Memories of a Disenchanted Past – Part 2

They were all having a grand time.
Running around in circles, chanting something cute and rhyming, they took no notice of her cautious entry.
“Babies,” she muttered under her breath, halfheartedly wishing someone had heard.
She pressed her back more firmly against the wall. A loose staple pierced her skin. She ignored the annoyance stubbornly, and held her defiant pose.
She was angry. It was bad enough to suffer through the mornings in this terrible place but now her mother had added injury to insult by making her stay for another two hours in the afternoon. She hated it here.
Biting her lip, she surveyed the scene and the little pit in her stomach formed spikes around it.
They were having so much fun.
Why couldn’t she join them?
Out of the corner of her eye, she noticed the other outsider. She was a fat little girl with long, beautiful hair. She hated her instantly, while intensely coveting her locks.
The fatso was creeping closer to her.
She averted her eyes quickly, but it was too late.
“Want to play with me…”
It was more of a suspended sentence than a question.
She turned her face up and over so that the scorn would casually slip off her shoulder like a silken shawl.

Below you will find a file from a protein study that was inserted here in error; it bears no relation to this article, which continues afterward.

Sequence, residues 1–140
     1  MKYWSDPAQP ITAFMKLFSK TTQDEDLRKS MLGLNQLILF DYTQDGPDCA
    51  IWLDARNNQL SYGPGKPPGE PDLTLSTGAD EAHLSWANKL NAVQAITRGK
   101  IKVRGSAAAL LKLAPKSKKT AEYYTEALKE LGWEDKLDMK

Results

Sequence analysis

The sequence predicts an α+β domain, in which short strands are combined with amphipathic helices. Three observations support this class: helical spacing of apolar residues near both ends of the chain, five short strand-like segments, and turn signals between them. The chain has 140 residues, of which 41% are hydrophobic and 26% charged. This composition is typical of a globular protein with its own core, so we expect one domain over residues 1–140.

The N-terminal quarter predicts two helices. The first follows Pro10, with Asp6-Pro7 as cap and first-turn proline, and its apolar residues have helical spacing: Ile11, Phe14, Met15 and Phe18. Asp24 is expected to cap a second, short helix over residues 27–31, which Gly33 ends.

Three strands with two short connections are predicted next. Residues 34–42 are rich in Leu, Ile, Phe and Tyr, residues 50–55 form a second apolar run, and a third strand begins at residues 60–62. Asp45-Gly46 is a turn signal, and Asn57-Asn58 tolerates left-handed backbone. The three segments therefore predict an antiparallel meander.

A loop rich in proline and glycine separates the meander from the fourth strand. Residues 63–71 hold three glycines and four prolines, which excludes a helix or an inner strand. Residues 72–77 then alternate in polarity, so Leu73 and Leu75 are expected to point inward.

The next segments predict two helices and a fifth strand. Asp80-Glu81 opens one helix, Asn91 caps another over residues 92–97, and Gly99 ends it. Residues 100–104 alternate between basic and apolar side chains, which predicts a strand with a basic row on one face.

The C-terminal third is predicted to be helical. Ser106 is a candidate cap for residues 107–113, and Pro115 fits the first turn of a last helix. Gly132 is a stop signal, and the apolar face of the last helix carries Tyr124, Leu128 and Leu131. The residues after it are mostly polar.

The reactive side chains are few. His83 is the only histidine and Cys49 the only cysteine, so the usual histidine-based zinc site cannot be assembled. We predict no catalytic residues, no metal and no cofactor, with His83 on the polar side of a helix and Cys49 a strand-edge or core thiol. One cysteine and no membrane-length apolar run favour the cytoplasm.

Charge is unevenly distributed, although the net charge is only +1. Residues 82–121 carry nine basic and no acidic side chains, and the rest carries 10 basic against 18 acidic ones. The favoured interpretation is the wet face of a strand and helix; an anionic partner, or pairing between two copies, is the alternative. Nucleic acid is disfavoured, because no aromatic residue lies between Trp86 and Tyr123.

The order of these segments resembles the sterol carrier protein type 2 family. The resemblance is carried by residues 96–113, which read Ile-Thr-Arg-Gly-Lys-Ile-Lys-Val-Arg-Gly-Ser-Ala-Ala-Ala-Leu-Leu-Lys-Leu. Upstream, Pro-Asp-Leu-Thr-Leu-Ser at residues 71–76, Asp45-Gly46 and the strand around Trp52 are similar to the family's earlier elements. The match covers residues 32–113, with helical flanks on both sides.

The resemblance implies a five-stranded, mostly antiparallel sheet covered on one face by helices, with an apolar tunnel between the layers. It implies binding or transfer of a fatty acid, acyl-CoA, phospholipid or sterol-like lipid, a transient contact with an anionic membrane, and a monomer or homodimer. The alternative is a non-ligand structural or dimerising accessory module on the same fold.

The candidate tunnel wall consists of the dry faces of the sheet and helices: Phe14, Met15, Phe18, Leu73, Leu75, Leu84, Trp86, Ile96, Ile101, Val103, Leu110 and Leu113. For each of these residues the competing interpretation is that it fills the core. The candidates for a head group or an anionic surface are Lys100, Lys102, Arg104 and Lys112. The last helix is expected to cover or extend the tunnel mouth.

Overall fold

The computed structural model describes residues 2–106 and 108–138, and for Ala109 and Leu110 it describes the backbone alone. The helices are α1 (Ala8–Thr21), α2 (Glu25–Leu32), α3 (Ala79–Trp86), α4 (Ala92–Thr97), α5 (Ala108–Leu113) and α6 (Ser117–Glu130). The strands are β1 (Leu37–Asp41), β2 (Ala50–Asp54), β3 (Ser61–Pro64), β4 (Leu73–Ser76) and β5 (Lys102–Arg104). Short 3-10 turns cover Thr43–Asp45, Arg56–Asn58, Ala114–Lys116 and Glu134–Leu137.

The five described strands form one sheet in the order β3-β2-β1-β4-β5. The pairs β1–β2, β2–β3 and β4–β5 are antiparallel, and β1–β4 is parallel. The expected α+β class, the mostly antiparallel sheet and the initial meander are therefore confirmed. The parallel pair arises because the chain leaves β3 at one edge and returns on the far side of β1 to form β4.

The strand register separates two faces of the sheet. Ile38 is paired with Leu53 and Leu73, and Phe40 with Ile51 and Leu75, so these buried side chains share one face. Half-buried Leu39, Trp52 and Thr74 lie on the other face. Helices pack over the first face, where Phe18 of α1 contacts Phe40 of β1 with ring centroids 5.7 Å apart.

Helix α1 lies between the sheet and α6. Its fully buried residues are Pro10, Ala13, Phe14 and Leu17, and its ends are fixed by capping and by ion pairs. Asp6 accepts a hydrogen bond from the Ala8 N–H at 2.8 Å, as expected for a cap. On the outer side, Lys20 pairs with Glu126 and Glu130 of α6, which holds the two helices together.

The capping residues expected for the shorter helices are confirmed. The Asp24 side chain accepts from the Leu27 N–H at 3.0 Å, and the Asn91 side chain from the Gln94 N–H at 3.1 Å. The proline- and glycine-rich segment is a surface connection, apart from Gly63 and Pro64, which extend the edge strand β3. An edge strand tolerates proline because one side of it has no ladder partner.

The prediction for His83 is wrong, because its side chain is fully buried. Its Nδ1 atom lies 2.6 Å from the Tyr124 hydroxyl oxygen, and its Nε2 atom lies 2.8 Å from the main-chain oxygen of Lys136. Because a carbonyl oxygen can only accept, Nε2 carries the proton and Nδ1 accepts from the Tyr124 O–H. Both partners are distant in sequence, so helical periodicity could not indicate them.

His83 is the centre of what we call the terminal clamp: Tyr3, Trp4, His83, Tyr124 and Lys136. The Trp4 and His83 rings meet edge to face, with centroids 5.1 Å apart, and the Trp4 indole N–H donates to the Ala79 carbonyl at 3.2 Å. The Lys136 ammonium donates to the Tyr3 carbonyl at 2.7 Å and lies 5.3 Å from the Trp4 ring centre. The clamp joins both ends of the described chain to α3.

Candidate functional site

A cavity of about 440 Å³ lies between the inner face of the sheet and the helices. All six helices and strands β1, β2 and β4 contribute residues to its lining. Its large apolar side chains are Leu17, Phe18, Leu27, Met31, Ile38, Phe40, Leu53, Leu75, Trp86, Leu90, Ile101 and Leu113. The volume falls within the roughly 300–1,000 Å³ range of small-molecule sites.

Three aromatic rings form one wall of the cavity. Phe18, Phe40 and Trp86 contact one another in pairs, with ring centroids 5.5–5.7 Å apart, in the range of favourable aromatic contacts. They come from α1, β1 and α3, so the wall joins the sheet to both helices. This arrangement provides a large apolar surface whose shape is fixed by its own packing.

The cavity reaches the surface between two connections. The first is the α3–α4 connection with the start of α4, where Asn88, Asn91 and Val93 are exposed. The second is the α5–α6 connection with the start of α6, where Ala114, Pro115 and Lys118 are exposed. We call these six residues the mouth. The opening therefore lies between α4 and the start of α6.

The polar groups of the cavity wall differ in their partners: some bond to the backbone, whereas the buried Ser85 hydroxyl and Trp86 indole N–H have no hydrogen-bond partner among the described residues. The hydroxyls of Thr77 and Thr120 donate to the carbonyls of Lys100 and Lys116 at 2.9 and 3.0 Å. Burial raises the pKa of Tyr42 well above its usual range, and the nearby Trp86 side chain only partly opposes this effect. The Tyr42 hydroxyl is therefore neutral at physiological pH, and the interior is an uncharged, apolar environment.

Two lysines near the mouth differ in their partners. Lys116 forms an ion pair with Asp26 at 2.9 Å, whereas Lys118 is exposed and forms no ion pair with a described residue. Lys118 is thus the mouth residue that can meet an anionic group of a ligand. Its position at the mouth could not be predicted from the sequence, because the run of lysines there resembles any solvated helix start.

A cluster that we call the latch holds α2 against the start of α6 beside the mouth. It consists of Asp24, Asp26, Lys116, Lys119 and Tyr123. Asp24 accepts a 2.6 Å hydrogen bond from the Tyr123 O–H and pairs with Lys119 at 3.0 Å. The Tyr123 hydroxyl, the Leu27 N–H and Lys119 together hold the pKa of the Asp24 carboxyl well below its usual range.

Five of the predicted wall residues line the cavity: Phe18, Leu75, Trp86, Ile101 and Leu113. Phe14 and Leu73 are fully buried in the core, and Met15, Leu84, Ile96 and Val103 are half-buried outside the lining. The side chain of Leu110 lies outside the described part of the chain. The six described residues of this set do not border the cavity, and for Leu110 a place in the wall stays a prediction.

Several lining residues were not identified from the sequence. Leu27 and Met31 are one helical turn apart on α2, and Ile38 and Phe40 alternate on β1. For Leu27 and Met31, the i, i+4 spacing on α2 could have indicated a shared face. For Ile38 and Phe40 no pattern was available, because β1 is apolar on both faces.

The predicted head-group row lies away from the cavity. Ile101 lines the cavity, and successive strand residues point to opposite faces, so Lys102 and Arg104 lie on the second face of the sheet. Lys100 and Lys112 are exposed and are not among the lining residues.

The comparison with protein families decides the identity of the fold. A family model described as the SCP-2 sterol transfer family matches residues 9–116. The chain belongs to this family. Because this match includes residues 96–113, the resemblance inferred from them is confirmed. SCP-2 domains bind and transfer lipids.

“With you?”
“Um, no, well with my new doll. I just got it…it’s the coolest doll ever…it’s new…I just got it…”
The girl was rambling now and she found it irritating to listen to.
“Let me see.”
The abruptness of her tone startled the unpretentious one into handing over her prized possession swiftly.
It really was a cool doll.
She was jealous.
“I’ll play with you if you let me decorate your doll.”
She delighted in the rapidly changing expressions crossing her new companion’s face.
The girl settled with a look of resignation and she knew that she had won.
The marker she chose was dark and brooding to match her mood, and she set about her task with an air of righteous indignation. She would show them. She would show them all. No one would run around in circles having fun without her. As the ink dried on the pretty little face, she turned, in time to catch the grief in the girl’s eyes traveling down her chubby cheeks.
She wondered if the girl could see her own grief stricken face, hiding beneath her cold, cruel eyes.

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